Select Committee on Environment, Transport and Regional Affairs Minutes of Evidence

Examination of witnesses (Question Numbers 80-99)



  80. I think you are joining a long list.
  (Sir Alastair Morton) May I say, I think the line of route of the Central Railway may turn out to be very valuable to this country because we are short of capacity heading north out of London and south into London. What I find extremely difficult to be enthusiastic about—as Mr Gritten knows I have great admiration for Mr Gritten's stamina but not necessarily for his project—is the fact he is going to take the railway either under or around London, currently around, and join up with, I am not quite sure exactly where, the lines of the Channel Tunnel and achieve in France what is beyond the wit of EWS and others, which is unfettered access to freight routes in France, where there seems to be a lack of capacity.

  81. I am glad you picked on some of the cynical things I was going to ask you. One of other interesting things is essentially the central railway scheme is not linked to the National Rail network. Do you see that as a difficulty?
  (Sir Alastair Morton) It does not have to be.

  82. Would you prefer it to be.
  (Sir Alastair Morton) I think having a single, integrated network is preferable. Railtrack is going to operate phase one of the Channel Tunnel Rail Link and the recent announcement about phase two made it pretty clear that Railtrack will operate phase two as well, operate not own.

  83. Many of us are very cynical about the financial projections and the financial projected costs of Central Railway, would you join us?
  (Sir Alastair Morton) I do not think I will express a view because I do not think I have seen them recently. I am talking about practicality when I express scepticism.

Mr Stevenson

  84. Strategy, I would like to seek your help and clarification on three particular areas of strategy. You mentioned the strategy for the West Midlands, yes we did see that on the television, it was very interesting, but the other important issue for the West Midlands is the West Coast Main Line, could you confirm that the £4 billion committed to Railtrack over the next five years is coming out of the £7 billion railway modernisation fund?
  (Sir Alastair Morton) No, it is a grant sum available in the Ten Year Plan of £4.5 billion, as published last summer, and that is primarily those grants to the West Coast Main Line.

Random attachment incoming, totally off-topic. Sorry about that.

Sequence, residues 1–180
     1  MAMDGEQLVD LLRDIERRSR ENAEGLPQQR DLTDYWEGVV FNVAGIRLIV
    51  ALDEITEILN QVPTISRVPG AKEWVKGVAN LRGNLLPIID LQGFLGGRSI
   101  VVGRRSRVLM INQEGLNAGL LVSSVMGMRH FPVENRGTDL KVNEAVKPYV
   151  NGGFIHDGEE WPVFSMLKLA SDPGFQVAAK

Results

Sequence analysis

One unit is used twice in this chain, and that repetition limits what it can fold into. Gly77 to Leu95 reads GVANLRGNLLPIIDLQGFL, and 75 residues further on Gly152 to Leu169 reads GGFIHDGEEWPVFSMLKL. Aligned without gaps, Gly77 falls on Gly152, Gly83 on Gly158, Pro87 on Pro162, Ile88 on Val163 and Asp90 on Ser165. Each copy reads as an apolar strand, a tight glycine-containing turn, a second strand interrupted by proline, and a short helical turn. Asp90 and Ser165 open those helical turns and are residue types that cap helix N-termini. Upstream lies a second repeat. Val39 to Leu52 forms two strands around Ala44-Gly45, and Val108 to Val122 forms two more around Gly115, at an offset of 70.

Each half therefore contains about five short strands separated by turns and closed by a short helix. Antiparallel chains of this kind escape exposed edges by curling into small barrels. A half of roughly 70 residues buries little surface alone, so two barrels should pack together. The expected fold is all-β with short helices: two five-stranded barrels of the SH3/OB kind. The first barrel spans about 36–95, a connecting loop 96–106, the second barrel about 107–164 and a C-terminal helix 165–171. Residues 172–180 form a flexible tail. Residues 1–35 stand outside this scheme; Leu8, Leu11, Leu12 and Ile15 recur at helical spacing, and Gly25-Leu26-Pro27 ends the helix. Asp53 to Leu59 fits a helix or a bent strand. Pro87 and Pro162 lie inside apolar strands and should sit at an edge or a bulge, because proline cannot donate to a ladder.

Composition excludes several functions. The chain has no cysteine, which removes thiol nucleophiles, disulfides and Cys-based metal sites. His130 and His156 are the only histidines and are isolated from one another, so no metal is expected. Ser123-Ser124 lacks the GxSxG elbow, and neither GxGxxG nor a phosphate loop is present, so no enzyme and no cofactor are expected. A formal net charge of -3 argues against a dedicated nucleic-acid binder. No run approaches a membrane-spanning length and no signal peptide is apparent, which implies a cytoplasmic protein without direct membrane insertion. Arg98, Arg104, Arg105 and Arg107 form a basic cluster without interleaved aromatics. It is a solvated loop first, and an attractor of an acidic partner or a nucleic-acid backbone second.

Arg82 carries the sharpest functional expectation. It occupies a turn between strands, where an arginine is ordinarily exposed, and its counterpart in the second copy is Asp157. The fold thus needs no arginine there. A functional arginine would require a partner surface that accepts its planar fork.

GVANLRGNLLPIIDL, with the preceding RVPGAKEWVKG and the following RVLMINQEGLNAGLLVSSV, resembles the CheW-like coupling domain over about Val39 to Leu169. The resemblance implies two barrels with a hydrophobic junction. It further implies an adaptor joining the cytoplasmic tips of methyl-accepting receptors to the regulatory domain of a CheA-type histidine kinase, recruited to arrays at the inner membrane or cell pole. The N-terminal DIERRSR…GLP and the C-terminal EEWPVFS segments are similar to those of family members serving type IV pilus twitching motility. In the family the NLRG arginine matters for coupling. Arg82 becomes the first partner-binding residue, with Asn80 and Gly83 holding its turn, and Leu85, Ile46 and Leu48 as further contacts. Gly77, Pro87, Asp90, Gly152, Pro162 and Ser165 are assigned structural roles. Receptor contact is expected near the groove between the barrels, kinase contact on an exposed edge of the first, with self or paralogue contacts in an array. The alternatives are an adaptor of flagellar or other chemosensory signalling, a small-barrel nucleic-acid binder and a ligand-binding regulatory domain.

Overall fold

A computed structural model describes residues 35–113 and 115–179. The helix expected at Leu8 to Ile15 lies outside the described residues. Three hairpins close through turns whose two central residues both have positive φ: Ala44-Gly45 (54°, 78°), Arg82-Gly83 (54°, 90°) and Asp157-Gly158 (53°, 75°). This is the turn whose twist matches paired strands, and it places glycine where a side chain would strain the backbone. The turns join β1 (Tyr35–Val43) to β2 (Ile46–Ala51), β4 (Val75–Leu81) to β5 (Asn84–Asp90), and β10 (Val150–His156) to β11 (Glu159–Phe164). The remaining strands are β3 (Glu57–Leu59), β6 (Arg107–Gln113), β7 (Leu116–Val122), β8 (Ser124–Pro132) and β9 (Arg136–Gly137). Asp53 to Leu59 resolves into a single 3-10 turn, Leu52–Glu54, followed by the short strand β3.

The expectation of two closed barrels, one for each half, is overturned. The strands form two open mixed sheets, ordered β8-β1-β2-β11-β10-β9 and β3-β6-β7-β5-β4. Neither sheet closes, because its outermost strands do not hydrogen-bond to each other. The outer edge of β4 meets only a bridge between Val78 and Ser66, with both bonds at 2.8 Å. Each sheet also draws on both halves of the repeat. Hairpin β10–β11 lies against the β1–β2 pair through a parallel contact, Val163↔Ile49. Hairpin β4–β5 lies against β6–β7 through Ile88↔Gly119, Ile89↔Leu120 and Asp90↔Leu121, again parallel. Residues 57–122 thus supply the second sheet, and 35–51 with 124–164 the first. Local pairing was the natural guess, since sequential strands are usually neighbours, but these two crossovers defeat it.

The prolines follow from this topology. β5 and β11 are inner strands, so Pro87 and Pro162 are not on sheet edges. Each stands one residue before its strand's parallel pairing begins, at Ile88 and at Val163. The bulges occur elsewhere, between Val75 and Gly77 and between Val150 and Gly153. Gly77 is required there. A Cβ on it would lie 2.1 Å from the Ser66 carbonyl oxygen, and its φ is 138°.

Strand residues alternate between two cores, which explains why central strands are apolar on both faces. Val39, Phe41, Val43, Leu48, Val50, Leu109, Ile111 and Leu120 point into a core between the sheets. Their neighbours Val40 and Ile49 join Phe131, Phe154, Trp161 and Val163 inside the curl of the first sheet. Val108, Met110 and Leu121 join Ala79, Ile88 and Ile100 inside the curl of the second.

85. The anticipated costs for the West Coast Main Line have been increased by Railtrack to £6.3 billion. At the same time Railtrack are committed to find investment over the next five years, and half of that is coming from the public purse one way or another. What is your strategic approach to Railtrack requesting more funds: (a) in the light of the increased costs of West Coast Main Line and, (b) if they have difficulty raising their share of the £8 billion investment.
  (Sir Alastair Morton) If I may take the second, they have abandoned ship on the 8 billion, they do not intend to put any of it up.

  86. I will come back to that.
  (Sir Alastair Morton) This 8 billion is over and above West Coast Main Line. West Coast Main Line was not part of that 8 billion. That is part of what has changed and has delayed our ability to produce the plan.

  87. We are talking about 12 billion, four billion coming—
  (Sir Alastair Morton) I think we were talk about a lot more than 12.

  88. 8 billion to Railtrack.

  Chairman: Sir Alastair, you are going to have time to communicate with Mr Grant because the Committee stands suspended.

  The Committee suspended from 4.47 pm to 4.57 pm for a division in the House

Mr Stevenson

  89. That is a very interesting, the fact that you say that Railtrack have walked away from the £8 billion, where is that 8 billion going to come from in that event?
  (Sir Alastair Morton) That is a very good question. I am sorry to keep harping on about this. One of the reasons why we take two steps forward and one step back from time to time in our march towards a series of strategies that cover the network as whole is questions like that. When the Ten Year Plan was published at the end of July last year there was a statement that there would be £63 billion, of which 29 would come from the public purse via the SRA, including the four billion that you refer to, and the RMF and other things. And 34 would come from the private sector, including Railtrack. Railtrack going missing creates a gap, a vacancy, as it were, and the question of where the private sector investment will come from for rail is a question that now has to be redeveloped around other methods of investment which we are engaged on developing. The idea that you simply increase the public purse if the private sector goes down is not automatic, I am afraid. If it did go on for too long the Treasury at some point would say, "This is back in the public sector now because all of the money is coming from us", and that would change all of the rules of the game and stop a strategic plan.